Because they do have a tendency to improve. Jerry Pournelle used to write regularly about his problems with ATI cards in his column on BYTE. They typically followed the same pattern: install new card; install drivers; see computer crash regularly; upgrade drivers; see computer crash less often; upgrade drivers again; see computer run more or less stably.
Then he'd upgrade to the next shiny ATI card and do it all over again, since the new drivers bore little resemblance to the old ones.
I doubt that the mailing list will show any definition of "trampoline". That word has a specific meaning in kernel programming, such that one would already have a good understanding of the subject before poking around in kernel code.
FWIW, "trampoline" refers to generated bits of code containing jumps to arbitrarily different pieces of code, something that ESR called "an incredibly hairy technique" in the Jargon File.
Encrypted communication on amateur radio bands is prohibited by law in the US, so transmitting an encrypted signal just invites spooks to triangulate your transmitter's position.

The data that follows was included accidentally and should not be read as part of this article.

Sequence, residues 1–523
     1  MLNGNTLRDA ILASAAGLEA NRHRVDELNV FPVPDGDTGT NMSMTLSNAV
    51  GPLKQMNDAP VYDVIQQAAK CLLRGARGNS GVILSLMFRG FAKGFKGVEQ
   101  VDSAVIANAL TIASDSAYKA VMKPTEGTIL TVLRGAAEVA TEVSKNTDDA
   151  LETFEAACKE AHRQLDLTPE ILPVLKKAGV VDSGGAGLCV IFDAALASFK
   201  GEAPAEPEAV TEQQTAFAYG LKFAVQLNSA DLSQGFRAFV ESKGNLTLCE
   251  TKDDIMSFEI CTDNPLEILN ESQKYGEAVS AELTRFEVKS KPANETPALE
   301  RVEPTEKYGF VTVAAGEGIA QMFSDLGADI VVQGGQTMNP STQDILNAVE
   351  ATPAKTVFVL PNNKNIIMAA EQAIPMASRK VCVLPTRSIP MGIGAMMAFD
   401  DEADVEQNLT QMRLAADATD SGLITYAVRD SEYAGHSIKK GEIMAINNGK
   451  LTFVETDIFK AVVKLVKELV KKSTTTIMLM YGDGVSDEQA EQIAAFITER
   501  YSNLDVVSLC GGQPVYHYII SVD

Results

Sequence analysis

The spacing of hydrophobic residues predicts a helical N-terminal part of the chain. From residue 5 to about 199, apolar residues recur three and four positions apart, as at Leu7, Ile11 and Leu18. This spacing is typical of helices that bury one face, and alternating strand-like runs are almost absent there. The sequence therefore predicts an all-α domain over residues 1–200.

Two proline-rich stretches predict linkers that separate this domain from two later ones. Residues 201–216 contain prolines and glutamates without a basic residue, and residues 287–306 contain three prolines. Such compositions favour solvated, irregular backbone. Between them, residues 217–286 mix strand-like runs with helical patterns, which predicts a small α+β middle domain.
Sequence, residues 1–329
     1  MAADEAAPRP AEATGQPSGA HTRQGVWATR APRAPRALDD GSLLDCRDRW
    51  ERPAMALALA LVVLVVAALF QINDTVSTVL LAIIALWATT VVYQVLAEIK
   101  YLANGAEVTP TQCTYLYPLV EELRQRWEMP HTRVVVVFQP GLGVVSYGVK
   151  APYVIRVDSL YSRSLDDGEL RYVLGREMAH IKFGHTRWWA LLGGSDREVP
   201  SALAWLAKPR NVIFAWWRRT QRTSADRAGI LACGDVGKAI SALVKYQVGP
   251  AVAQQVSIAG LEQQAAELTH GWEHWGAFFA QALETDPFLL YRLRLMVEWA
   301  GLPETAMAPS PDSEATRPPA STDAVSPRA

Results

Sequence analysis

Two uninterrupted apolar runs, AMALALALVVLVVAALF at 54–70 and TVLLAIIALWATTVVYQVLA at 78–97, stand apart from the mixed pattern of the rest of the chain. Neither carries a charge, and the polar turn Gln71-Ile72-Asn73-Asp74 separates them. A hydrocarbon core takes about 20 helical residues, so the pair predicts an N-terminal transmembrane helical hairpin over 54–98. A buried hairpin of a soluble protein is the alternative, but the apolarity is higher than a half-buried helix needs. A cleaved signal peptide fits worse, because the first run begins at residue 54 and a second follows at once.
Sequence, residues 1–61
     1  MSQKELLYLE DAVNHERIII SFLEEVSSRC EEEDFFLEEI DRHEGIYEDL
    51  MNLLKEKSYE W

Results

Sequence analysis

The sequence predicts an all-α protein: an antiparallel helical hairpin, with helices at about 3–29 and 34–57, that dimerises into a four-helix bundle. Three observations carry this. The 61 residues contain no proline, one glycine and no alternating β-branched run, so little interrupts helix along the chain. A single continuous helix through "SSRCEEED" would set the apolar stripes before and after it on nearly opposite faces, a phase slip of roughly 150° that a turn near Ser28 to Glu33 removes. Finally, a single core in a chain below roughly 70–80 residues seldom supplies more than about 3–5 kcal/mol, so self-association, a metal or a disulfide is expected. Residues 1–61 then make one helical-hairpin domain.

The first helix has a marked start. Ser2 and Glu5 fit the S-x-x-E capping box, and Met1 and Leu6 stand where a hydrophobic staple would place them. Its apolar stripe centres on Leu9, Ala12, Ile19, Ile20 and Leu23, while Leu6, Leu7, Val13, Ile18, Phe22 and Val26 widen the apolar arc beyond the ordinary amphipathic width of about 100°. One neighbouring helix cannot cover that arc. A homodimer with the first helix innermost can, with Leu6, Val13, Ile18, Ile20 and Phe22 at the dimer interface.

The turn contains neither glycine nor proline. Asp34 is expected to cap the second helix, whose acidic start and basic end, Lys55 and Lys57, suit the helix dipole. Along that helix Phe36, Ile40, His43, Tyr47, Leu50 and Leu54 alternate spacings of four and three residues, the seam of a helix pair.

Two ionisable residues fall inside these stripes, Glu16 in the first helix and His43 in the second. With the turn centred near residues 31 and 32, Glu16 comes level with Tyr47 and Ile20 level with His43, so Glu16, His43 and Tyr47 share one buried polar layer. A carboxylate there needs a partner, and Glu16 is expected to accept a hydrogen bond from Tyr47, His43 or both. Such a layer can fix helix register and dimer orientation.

My son used to play a silly little match game that he picked up from pre-school when he was three years old. In it, he would take two toys -- cars, action figures, Lego blocks, staple removers, whatever -- hold them in his hands, and ask "Which one are you, X or Y?" After the other person (usually me) answered, he'd act out some sort of epic battle between the two toys in his hands, and then declare one or the other the victor. I always pointed out to him the pointlessness of the game. He didn't care.
Jeff Cogswell's reviews remind me of that game. They're pointless. He doesn't care. And my son grew out of it.
Nothing is finished until the paperwork is done.